August 2013

DSU Appoints Dr. Judi Coffield First Director of Early College HS

Delaware State University has established the top leadership of its planned Early College High School with the hiring of Dr. Judi L. Coffield.                    Dr. Judi L. Coffield   Dr. Coffield will serve as the director of the public charter school that is slated to open in September 2014.   A resident of Magnolia, Del., Dr. Coffield comes to the new post after serving for two years as the director of K-12 services in the Christina School District in New Castle County, Del. Prior to that she was a policy analyst/executive director and education associate for middle/high school support for the Delaware State Board of Education from 2004-2011. She also served as an instructional technology supervisor for K-12 for the Red Clay School District in New Castle County from 2000-2004.   Her education career – which began in 1988 – also has included teaching stints in the Red Clay School District, Capital School District, Lake Forest School District, overseas in the Department of Defense Dependents School, and as an adjunct professor at the University of Delaware and the University of Pennsylvania.   She has a 1986 Bachelor of Arts in Elementary Education from West Liberty State College in West Virginia, a 1996 Master of Instruction from the University of Delaware, and a 2006 Ed.D. in Educational Leadership, Curriculum and Instruction from the University of Delaware. She also has certificates in Introductory and Advanced Educational Technology from Delaware Technical & Community College.   Dr. Coffield will lead the organization of the new charter school in preparation for its opening next fall.   The planned charter high school will be the state’s first Early College High School, which will be designed specifically to serve first generation college-bound students. The Early College High School is a nationally recognized school design brought to Delaware through a partnership between Innovative Schools, a Delaware-based nonprofit public school support organization, and EdWorks, a nationally known consultant that specializes in high school innovations.   The University will blend the Early College Charter High School with its existing STEM (science, technology, engineering, and math) initiative.

DSU Neuroscience Program Receives New $433,645 Research Grant

DSU’s Neuroscience Research Program has been awarded a three-year, $433,645 grant from the Eunice Kennedy Shriver National Institute of Child Health and Human Development. Dr. Melissa Harrington will give some of her students hands-on experience in the spinal motor neurons research the grant is funding. The grant is an Academic Research Enhancement Award that will fund DSU’s research into the development of spinal motor neurons – the nerve cells that drive contractions of skeletal muscle.   Dr. Melissa Harrington, DSU professor of biological sciences and director of the joint DSU/UD Delaware Center for Neuroscience Research, is the principal investigator of the research grant. She said that two graduate students and one undergraduate student will work with her on the research.   Dr. Harrington’s lab will use electrophysiology to measure the activity of motor neurons and confocal imaging to visualize motor neuron synapses.  These experiments will help determine what neurotransmitter is released at synapses formed by motor neurons on other neurons, and investigate how contact with muscle cells and the formation of neuromuscular junctions influence which neurotransmitter is released.   It is hoped, in turn, that the findings will lead to new insights into the pathophysiology of neuromuscular disorders, including developmental motor neuron diseases such as spinal muscular atrophy and muscular dystrophy.   This research will build on previous published work by Dr. Harrington’s lab concerning motor neurons.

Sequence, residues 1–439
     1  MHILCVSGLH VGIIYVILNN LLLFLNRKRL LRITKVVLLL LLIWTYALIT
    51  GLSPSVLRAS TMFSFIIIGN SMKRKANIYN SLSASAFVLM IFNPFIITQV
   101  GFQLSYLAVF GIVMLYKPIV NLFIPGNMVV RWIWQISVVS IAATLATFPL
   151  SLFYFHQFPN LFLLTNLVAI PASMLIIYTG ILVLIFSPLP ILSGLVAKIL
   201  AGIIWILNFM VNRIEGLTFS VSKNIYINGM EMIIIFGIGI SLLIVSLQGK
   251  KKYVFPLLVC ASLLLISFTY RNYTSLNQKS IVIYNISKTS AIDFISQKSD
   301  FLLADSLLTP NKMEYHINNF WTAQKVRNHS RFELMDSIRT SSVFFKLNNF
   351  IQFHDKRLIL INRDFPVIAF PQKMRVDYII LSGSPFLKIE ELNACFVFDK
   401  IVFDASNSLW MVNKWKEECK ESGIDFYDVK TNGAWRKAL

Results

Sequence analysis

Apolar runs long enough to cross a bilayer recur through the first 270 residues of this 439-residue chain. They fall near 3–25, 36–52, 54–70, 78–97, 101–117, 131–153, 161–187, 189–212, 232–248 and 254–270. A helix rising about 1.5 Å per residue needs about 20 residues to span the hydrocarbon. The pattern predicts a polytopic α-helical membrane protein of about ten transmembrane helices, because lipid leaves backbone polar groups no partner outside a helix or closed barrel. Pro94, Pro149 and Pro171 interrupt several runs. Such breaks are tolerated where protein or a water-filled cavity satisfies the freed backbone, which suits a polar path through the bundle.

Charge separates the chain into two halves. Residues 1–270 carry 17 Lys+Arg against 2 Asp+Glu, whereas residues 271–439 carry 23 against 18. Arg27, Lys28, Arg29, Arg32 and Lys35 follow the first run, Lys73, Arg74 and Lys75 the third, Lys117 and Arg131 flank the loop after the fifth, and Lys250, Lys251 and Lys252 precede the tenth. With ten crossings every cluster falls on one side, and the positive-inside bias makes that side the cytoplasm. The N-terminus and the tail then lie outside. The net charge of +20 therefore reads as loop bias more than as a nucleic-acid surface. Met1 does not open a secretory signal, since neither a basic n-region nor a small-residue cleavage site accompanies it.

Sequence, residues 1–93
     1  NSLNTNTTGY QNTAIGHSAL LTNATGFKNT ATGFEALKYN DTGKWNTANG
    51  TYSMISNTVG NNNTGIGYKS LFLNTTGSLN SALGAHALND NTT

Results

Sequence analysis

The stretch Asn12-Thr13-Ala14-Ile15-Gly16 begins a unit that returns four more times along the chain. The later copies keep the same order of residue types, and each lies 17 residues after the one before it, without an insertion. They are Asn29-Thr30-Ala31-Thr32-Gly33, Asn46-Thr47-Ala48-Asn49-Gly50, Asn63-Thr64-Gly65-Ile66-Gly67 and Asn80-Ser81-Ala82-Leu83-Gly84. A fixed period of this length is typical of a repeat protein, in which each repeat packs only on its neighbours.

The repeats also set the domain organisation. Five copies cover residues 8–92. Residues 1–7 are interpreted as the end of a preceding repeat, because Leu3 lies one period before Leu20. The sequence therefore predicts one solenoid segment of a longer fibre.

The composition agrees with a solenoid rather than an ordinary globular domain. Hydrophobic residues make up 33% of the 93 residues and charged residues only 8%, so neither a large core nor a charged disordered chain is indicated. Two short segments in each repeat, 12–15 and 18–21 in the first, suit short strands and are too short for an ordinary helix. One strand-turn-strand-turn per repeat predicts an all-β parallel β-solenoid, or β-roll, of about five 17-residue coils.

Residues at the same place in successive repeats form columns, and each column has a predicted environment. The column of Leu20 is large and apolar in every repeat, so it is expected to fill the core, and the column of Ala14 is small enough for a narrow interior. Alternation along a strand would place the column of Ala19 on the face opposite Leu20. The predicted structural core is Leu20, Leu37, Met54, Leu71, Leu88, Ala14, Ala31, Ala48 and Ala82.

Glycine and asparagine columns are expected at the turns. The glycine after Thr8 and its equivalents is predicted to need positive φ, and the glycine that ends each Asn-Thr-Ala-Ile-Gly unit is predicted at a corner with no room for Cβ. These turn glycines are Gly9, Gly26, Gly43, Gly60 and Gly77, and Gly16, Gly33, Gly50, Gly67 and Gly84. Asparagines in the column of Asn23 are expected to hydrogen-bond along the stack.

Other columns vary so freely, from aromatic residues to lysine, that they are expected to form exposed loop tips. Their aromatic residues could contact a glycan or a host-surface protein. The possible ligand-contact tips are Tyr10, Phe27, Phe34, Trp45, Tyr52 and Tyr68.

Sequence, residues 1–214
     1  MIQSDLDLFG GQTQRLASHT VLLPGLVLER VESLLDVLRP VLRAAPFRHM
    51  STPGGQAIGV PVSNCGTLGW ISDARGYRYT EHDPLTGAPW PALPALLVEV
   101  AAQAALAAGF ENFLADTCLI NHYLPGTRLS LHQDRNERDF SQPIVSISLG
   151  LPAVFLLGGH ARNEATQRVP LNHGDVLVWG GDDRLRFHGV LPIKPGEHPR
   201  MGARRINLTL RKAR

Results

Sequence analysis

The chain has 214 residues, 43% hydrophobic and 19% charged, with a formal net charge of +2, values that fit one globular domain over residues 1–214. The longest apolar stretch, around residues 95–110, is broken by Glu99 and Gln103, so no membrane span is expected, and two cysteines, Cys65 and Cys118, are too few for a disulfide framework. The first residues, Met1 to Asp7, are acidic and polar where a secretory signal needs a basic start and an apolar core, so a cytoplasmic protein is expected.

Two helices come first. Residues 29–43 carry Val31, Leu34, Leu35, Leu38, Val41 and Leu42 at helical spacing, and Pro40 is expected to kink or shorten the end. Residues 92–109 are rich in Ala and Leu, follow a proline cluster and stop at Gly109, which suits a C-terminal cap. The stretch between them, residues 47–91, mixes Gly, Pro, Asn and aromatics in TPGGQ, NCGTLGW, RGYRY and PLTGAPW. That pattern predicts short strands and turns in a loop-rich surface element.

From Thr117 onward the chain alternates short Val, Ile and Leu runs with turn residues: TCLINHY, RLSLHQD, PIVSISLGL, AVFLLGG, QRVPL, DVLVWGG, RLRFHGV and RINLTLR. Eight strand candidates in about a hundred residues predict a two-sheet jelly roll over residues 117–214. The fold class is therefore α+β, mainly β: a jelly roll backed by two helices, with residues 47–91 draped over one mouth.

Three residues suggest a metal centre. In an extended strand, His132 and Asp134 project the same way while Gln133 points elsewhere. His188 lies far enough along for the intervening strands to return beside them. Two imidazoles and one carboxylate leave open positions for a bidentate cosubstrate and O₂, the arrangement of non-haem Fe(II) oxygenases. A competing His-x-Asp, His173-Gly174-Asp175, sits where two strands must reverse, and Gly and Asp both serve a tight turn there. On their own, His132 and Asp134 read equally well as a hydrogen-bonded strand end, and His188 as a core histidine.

DSU's Renovated Conrad Cafeteria Unveiled


Tara Kazirim, Conrad head chef, shows the new "Action Island" to Dr. Stacey Downing, associate vice president for Student Affairs.

The Conrad Hall Cafeteria has been renovated and is ready for the incoming students for the fall semester 2013. Aramark, the University’s contracted food service provider, gave University officials a tour of the remade facility, which will complement the Village Café facility located on the (L-r) Tara Kazirim, Conrad head chef, tells Phillip Holmes, interim director of Housing and Residential Education, about the new features of the cafeteria. In the center is Jeff Mulveny, assistant director of Conrad. southeast end of the campus. A new “Action Island” has been installed that will include a soup station, a deli station and salad bar. Tara Kazimir, Conrad head chef, noted that Aramark operates a four-menu cycle that will ensure that Conrad and the Village Café will always have different menus from each other each day. She added that there will be a “Soul Food Night” once a week at both locations, featuring food staples such as fried chicken, macaroni and cheese, beans (red and black-eyed) greens, and other items. The Conrad Cafeteria will be open from 12-8 p.m. Monday through Friday, and Saturday and Sunday from 11 a.m. to 7:30 p.m.